Friday, April 25, 2008

Saint Mark the Evangelist

Mark is apparently the least-documented of the four Gospel writers, though his was the first completed. Here's a composite hymn for his feast, one of those that includes a specific verse for the day.

Come sing, ye choirs exultant,
Those messengers of God,
Through whom the living Gospels
Came sounding all abroad!
In one harmonious witness
The chosen four combine,
While each his own commission
Fulfills in ev'ry line.

As, in the prophet's vision,
From out the amber flame
In form of visage diverse
Four living creatures came;
Lo, these the fourfold river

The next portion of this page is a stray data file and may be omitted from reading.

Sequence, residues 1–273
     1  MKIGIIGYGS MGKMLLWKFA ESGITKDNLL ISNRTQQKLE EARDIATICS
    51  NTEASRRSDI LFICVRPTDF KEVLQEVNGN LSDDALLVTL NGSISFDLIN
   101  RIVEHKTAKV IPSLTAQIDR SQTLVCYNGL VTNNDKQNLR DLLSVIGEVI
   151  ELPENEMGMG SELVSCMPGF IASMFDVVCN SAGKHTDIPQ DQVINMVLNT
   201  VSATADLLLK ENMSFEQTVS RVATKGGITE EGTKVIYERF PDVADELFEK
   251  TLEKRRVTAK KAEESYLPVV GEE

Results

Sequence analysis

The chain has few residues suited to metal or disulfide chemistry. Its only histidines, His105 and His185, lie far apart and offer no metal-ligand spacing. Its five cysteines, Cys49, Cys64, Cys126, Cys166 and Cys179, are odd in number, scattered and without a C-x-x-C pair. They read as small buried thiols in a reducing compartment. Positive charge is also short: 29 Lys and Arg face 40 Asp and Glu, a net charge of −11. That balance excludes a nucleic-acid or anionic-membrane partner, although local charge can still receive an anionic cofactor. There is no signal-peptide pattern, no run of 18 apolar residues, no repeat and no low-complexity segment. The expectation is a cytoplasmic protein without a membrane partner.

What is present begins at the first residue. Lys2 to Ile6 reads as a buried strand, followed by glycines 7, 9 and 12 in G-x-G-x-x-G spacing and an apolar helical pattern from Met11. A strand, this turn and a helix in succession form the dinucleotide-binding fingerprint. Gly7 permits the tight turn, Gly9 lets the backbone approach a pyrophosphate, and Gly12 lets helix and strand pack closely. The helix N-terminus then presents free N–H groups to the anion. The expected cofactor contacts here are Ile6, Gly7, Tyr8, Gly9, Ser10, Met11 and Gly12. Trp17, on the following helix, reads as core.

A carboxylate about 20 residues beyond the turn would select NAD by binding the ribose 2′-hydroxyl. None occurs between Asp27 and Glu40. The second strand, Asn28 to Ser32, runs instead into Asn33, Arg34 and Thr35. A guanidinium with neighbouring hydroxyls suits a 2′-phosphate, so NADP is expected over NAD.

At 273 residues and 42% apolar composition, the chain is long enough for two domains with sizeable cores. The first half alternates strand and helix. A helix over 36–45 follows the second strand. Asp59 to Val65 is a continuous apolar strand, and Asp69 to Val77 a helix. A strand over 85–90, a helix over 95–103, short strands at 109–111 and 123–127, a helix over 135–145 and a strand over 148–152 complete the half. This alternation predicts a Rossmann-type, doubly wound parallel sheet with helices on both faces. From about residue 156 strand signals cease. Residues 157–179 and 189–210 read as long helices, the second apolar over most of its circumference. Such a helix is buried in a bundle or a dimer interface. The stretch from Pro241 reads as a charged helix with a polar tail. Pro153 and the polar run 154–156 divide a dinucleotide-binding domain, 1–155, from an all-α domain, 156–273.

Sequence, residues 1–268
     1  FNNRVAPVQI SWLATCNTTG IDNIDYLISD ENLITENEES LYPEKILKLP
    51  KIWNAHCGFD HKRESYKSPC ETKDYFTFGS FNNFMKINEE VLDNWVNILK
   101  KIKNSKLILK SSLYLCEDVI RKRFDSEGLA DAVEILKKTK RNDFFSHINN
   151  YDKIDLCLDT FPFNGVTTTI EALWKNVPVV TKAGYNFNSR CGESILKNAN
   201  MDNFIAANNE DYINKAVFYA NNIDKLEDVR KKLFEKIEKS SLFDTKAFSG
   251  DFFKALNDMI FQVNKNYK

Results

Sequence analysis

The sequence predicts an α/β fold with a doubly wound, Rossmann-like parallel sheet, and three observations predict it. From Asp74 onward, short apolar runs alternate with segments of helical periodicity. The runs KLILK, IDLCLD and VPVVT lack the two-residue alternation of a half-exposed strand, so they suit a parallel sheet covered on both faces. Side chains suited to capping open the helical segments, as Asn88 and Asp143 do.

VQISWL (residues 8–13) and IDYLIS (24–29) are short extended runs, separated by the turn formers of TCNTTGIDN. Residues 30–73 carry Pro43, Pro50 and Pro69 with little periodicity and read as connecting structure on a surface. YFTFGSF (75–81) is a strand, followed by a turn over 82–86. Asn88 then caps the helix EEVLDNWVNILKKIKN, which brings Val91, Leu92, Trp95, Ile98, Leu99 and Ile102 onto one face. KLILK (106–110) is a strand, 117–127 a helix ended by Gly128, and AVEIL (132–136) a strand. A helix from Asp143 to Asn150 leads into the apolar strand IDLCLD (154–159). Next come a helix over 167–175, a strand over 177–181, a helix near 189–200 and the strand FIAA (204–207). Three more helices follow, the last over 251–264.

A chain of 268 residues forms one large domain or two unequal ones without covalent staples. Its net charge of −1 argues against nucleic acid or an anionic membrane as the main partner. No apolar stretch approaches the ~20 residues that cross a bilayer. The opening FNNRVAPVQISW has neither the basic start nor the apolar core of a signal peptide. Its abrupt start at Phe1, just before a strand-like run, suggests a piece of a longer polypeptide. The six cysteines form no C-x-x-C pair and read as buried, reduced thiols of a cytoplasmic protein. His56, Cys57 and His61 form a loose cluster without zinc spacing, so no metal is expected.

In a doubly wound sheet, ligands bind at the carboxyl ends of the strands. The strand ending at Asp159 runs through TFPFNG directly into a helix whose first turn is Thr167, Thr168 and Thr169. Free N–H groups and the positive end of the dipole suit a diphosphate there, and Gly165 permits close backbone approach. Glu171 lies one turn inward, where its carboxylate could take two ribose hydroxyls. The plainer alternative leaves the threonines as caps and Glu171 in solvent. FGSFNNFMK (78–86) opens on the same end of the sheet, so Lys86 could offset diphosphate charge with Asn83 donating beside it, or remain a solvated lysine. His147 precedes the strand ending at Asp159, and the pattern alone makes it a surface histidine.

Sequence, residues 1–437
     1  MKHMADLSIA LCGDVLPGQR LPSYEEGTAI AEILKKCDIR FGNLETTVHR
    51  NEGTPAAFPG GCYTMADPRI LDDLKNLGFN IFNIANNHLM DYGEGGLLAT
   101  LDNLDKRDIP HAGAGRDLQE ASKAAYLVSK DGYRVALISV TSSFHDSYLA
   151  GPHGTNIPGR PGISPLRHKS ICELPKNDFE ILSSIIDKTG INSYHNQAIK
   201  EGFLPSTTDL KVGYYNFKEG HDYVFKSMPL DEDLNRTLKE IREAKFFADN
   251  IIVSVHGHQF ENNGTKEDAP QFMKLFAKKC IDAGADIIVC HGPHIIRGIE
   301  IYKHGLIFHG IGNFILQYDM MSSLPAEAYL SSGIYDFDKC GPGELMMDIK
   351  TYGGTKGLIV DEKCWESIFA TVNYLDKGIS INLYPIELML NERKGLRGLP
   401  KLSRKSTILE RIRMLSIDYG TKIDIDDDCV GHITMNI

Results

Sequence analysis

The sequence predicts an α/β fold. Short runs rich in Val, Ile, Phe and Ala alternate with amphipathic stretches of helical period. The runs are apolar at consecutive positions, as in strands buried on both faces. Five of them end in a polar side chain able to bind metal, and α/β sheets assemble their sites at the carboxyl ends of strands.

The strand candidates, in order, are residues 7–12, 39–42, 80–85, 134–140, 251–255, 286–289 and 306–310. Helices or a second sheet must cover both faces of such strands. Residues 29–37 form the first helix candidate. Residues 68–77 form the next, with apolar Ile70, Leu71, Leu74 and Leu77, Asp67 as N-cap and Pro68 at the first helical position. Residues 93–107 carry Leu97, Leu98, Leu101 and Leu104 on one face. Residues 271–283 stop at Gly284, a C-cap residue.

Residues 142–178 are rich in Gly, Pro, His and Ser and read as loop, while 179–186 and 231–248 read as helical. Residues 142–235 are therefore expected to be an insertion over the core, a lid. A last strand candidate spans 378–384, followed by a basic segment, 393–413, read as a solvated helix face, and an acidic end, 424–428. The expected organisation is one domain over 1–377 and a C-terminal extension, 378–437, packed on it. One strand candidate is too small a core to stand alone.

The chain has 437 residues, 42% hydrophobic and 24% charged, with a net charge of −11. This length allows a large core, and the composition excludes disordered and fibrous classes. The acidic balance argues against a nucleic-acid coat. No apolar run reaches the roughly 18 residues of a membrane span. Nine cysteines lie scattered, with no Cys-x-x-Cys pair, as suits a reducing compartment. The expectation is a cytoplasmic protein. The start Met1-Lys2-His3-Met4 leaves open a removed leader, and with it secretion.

Of paradise above,
Whence flow for all earth's people
New mysteries of love.

For Mark, O Christ, we praise thee,
The weak by grace made strong,
Whose labors and whose Gospel
Enrich our triumph-song;
May we in all our struggling
Find strength from thee supplied,
And all, as fruitful branches,
In thee, the Vine, abide.

Adam of St. Victor, c.1170;
tr. Jackson Mason, 1889; alt. (v 1 & 2)
Horatio Bolton Nelson, 1864; alt. (v.3)
Henry T. Smart, 1835

So why was Mark considered weak, then made strong? (this also turns up in other hymns for the day I found) Tradition holds that the youth who ran away when Jesus was arrested (leaving his clothes behind) was Mark, as the story is related only in his Gospel (14:51-2). Possibly a "weak" reaction to the situation, though all the others with Jesus ran also. In at least one source, Mark is also described as "stump-fingered" (one or all is unknown) which might have been considered a form of "weakness." In either (or both) case(s) I guess he was redeemed (thus made strong) by writing the Gospel.

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